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Multi-Generation Model of Immigrant Earnings: Theory and Application

Author

Listed:
  • Gil S. Epstein

    () (Department of Economics, Bar Ilan University)

  • Tikva Lecker

    (Department of Economics, Bar Ilan University)

Abstract

The literature, starting with Chiswick (1977, 1978) to Gang and Zimmermann (2000), more recently, focuses on the economic achievements and performance of first- and second-generation migrants. This paper presents a three-generation migrant analysis, comparing relative economic performance of various migrant generations to one another and to the native population. We developed a theoretical model, which was then explored empirically using data from the 1995 Israeli Census. In both the theoretical and empirical analyses, the curve describing intergenerational immigrant earnings mobility is inversely U-shaped. The second generation earns relatively more than the first and third generations, while the third generation earns less than the second, but more than the first. Thus, assimilation of the third generation into the local population is far from clear.

Suggested Citation

  • Gil S. Epstein & Tikva Lecker, 2001. "Multi-Generation Model of Immigrant Earnings: Theory and Application," Working Papers 2001-06, Bar-Ilan University, Department of Economics.
  • Handle: RePEc:biu:wpaper:2001-06
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    References listed on IDEAS

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    1. George J. Borjas, 1992. "Ethnic Capital and Intergenerational Mobility," The Quarterly Journal of Economics, Oxford University Press, vol. 107(1), pages 123-150.
    2. Corak, Miles & Heisz, Andrew, 1996. "The Intergenerational Income Mobility of Canadian Men," Analytical Studies Branch Research Paper Series 1996089e, Statistics Canada, Analytical Studies Branch.
    3. Cotton, Jeremiah, 1988. "On the Decomposition of Wage Differentials," The Review of Economics and Statistics, MIT Press, pages 236-243.
    4. Solon, Gary, 1992. "Intergenerational Income Mobility in the United States," American Economic Review, American Economic Association, pages 393-408.
    5. Oaxaca, Ronald L. & Ransom, Michael R., 1994. "On discrimination and the decomposition of wage differentials," Journal of Econometrics, Elsevier, pages 5-21.
    6. Chiswick, Barry R, 1977. "Sons of Immigrants: Are They at an Earnings Disadvantage?," American Economic Review, American Economic Association, pages 376-380.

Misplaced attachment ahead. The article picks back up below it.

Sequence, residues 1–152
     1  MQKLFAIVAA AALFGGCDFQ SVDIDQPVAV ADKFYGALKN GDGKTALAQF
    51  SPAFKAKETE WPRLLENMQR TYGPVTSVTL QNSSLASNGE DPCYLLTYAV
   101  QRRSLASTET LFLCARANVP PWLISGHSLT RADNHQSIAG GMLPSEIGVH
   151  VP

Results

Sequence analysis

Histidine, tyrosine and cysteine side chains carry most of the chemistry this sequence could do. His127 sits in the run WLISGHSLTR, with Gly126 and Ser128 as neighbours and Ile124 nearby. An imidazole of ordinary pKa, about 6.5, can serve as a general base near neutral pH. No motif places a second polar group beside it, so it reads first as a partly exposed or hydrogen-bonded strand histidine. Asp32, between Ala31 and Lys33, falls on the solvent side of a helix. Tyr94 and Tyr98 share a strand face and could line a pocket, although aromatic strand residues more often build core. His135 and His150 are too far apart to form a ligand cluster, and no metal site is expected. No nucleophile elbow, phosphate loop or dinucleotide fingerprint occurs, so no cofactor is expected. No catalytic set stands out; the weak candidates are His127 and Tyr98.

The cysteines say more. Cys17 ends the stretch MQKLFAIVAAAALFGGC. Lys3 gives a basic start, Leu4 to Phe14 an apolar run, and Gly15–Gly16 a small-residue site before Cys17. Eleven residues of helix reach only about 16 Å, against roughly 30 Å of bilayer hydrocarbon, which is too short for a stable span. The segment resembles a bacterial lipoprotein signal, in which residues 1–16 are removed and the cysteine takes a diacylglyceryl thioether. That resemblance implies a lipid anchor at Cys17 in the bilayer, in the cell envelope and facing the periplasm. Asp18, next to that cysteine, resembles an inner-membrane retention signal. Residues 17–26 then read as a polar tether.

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    Citations

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    Cited by:

    1. Gil S. Epstein, 2013. "Frontier issues of the political economy of migration," Chapters,in: International Handbook on the Economics of Migration, chapter 22, pages 411-431 Edward Elgar Publishing.
    2. Docquier, Frederic & Rapoport, Hillel, 2004. "Skilled migration: the perspective of developing countries," Policy Research Working Paper Series 3382, The World Bank.
    3. Kohns, Stephan, 2001. "Testing for Asymmetry in British, German and US Unemployment Data," IZA Discussion Papers 341, Institute for the Study of Labor (IZA).
    4. Gil S. Epstein & Ira N. Gang, 2010. "A Political Economy of the Immigrant Assimilation: Internal Dynamics," Working Papers 2010-13, Bar-Ilan University, Department of Economics.
    5. Hammarstedt, Mats, 2007. "Intergenerational mobility among three generations of immigrants in Sweden," CAFO Working Papers 2007:4, Centre for Labour Market Policy Research (CAFO), School of Business and Economics, Linnaeus University.
    6. Constant, Amelie F. & Zimmermann, Klaus F., 2003. "Occupational Choice Across Generations," IZA Discussion Papers 975, Institute for the Study of Labor (IZA).
    7. Gil S. Epstein & Renana Lindner Pomerantz, 2013. "Assimilation through Marriage," Review of International Economics, Wiley Blackwell, pages 191-203.
    8. Gil S. Epstein & Erez Siniver, 2012. "Can an ethnic group climb up from the bottom of the ladder?," Economics Bulletin, AccessEcon, vol. 32(3), pages 2414-2441.
    9. Simone Bertoli & Jesus Fernandez-Huertas Moraga & Francesc Ortega, 2011. "Immigration Policies and the Ecuadorian Exodus," World Bank Economic Review, World Bank Group, pages 57-76.
    10. Epstein, Gil S. & Mealem, Yosef, 2010. "Interactions between Local and Migrant Workers at the Workplace," IZA Discussion Papers 5051, Institute for the Study of Labor (IZA).
    11. Christian Dustmann & Nikolaos Theodoropoulos, 2010. "Ethnic minority immigrants and their children in Britain," Oxford Economic Papers, Oxford University Press, vol. 62(2), pages 209-233, April.
    12. Christian Dustmann & Albrecht Glitz, 2011. "Migration and Education," CReAM Discussion Paper Series 1105, Centre for Research and Analysis of Migration (CReAM), Department of Economics, University College London.
    13. Ekberg, Jan & Hammarstedt, Mats & Shukur, Ghazi, 2007. "SUR estimation of earnings differentials between three generations of immigrants and natives," CAFO Working Papers 2007:7, Centre for Labour Market Policy Research (CAFO), School of Business and Economics, Linnaeus University.
    14. Dustmann, Christian & Glitz, Albrecht, 2011. "Migration and Education," Handbook of the Economics of Education, Elsevier.
    15. Gil Epstein, 2009. "Willingness to Assimilate and Ethnicity," Nordic Journal of Political Economy, Nordic Journal of Political Economy, pages 1-1.

    More about this item

    Keywords

    Intergenerational earnings mobility; migration; labor market performance.;

    JEL classification:

    • F22 - International Economics - - International Factor Movements and International Business - - - International Migration

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